You know that doesn't really matter when you really think about it, because it's not within your control. What is within your control is that you go through that journey with compassion, with love, with engagement in life, living fully. Not panicking about this, but actually making this a wake up call for you to focus on what actually matters.

Because if you are focusing so much on your job, your job is gonna be gone in 10 years time. So focus on what actually matters and what matters most. If you have to choose one thing is human connection. 

[01:04:58] Hala Taha: Wow. This was one of my favorite conversations that I've had all year. I haven't feel this invigorated in terms of studying for an interview in a really long time.

Like it's just such an interesting topic. So I'm so happy that you got a chance to come on. I hope to have you on many times. I've a lot of people come on and on the show. So I hope to have you on many times more to talk about your upcoming book about stress, to talk about happiness, your life, and ai of course, to get an update.

So Mo, where can everybody learn more about you and everything that you do? 

[01:05:28] Mo Gawdat: First of all, thank you so much for having me. Thank you for introducing me to your, um, followers. It has been a very energizing conversation. Thank you for that. First thing is before they come and look for me and where they to find me is please share this with others.

This is something that a lot of people need to hear ab, uh, hear about. Uh, I'm available on mo, so that's my website available on most social media, uh, sites, but I'm more active on LinkedIn and Instagram and, um, my podcast is lomo SS L O M O, which is. Top five in wellbeing. Something that I think we should focus on more, just message me if you have a question and I try to answer every message.

[01:06:07] Hala Taha: Amazing. Mo will put all those links in the show notes so everybody can find you. Thanks so much for coming on Young and Profiting podcast. 

[01:06:14] Mo Gawdat: Thank you for having me.

[01:06:15] Hala Taha: This conversation with Mo Gdat was one of my favorite conversations of the entire year.  It was both fascinating and at times alarming.  Let's recap some of the more eye-opening insights that Mo shared with us about the future of artificial intelligence.  First, he and other computer scientists predict that by the year 2045,  AI will be 1 billion times smarter than  That means we will no longer be the most intelligent life form on the planet.  We will be the apes, as MO puts it,  and by a fair margin.  Second, AI is not just a super intelligent machine.  It's capable of evolution  of agency.  It has decision making, abilities and emotions.  MO says, it's also for all intents and purposes, a sentient being  or soon will be.  That means third,  how do we imagine that we can control something that will be a billion times smarter than  Something that has its own agency means and ends.  Mo compares AI to a hurricane approaching your city or village.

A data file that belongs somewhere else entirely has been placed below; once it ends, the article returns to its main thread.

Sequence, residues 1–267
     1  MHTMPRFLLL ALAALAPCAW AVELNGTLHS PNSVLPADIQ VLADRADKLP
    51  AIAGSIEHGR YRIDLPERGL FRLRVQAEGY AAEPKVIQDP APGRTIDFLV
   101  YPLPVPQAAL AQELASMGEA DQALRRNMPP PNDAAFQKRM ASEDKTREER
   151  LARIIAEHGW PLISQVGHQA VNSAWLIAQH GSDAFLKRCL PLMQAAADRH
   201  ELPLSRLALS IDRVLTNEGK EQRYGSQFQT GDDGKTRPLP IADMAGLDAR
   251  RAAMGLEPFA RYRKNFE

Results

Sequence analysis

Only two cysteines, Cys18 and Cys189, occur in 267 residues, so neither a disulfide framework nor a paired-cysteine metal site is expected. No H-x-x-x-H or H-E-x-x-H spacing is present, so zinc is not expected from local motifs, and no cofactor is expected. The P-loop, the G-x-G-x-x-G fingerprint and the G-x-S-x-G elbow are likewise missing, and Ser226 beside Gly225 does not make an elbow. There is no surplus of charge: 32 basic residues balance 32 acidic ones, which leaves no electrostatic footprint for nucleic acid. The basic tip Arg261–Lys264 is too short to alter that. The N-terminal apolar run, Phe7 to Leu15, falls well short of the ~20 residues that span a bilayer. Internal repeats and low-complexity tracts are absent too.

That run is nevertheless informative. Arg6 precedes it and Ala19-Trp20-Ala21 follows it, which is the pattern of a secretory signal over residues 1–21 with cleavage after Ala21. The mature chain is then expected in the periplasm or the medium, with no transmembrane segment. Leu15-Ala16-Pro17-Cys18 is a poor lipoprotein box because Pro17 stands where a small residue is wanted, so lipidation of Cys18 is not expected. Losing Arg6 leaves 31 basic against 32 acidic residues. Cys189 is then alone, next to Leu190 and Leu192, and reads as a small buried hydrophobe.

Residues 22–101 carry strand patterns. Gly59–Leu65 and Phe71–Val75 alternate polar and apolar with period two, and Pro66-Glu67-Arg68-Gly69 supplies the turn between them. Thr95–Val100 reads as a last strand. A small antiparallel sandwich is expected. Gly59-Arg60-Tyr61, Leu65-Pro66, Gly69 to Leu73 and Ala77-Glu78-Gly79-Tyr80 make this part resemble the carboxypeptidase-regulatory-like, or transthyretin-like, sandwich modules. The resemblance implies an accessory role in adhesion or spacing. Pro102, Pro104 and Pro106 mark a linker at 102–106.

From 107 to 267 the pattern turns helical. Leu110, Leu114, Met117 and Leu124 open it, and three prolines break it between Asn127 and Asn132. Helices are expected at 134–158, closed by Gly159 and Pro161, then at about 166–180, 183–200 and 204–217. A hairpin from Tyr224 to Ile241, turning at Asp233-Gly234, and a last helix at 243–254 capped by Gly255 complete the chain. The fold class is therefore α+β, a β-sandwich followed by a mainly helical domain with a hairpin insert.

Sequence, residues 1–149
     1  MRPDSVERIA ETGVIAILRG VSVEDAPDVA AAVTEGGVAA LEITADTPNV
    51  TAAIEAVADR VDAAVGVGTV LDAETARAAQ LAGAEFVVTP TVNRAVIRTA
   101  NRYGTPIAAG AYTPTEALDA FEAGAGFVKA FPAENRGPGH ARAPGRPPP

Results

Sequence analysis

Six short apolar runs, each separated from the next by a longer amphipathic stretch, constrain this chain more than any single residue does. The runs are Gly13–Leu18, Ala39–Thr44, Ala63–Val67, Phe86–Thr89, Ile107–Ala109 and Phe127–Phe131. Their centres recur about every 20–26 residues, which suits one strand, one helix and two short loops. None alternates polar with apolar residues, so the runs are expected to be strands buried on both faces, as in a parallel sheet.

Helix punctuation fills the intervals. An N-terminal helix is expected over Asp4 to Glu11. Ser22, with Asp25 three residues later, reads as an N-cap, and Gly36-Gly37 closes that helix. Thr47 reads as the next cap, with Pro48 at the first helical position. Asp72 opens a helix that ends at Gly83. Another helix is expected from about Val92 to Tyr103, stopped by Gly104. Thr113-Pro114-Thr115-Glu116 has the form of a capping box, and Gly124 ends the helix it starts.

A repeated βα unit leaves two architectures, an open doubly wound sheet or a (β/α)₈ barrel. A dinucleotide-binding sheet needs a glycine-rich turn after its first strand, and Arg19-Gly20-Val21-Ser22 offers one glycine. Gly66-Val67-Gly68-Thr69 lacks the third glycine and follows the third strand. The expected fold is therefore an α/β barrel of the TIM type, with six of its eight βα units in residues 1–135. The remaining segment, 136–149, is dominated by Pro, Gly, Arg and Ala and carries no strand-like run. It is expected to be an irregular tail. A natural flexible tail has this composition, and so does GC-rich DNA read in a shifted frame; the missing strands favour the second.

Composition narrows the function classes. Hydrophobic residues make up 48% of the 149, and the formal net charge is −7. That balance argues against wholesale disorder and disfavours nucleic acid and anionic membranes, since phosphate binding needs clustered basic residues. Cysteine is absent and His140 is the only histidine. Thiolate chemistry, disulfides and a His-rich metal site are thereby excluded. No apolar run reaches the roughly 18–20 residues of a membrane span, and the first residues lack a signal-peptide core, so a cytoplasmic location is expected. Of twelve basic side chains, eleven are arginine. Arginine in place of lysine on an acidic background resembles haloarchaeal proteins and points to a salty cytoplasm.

It's an incoming cataclysm  And you can't just sit there in a cafe and pretend it's not coming.  And four, the first waves of that cataclysm are already here.  Mo argues that almost nothing that entered our heads today was not dictated to us by a machine,  whether it's via Instagram, TikTok, or a Google search result.

 Every single one of those is a machine that is telling you what reality is  and what you should know.  Five Mo says that absent of some surprising global government solution,  there's no off switch on AI for the foreseeable future.  That means that we may see something of a nuclear arms race when it comes to the development of AI by countries and big tech companies,  we may not be able to stop that arms race until it's way too late.

 So this means six that if you miss out on this AI revolution.  You're not likely going to have the skills to compete in a world that's changing very rapidly.  Most says you may lose your job to somebody who knows how to use AI better than you in the next five to 10 years,  that the majority of information workers could lose their jobs  anyway in the next couple of decades.

 Finally seven.  What happens after intelligence work is outsourced to machines?  Mo says that jobs that involve authentic human connection will remain strong  be even more valuable.

 And ultimately, he believes that after some midterm challenges, what he calls the teenage years of ai,  we could eventually come to live in a world.  We're a more benevolent AI that values life  will come into existence.  Let's hope Mo is right,  but until then, it may be time to buckle up and prepare for a remarkable few decades of human history,  hardship,  and innovation.

 Thanks for listening to this episode of Young and Profiting podcast. If you listen, learned and profited to this episode,  be sure to share it with your friends and family. The best way to support us is to spread this podcast by word of mouth.  if you enjoy this podcast  drop us a five star review on Apple Podcast or your favorite podcast platform. That is the number one way to thank us here at Young In Profiting podcast.  If you prefer to watch your videos, you can find us on YouTube.  Just look up young and profiting on YouTube and all our episodes are up there.  You can also find me on Instagram at YAP with Holla or LinkedIn by searching my name.

It's Holla Taha.  wanna shout out my YAP team for their incredible hard work. The YAP Media Network is blowing up. . We are officially the number one business and self-improvement podcast network, so really proud of all the hard work everybody at Yap Media is doing.

 I love my happy, hungry, scrappy team. I couldn't do this without you.  This is your host, Hala Taha, a k a, the podcast princess  signing off.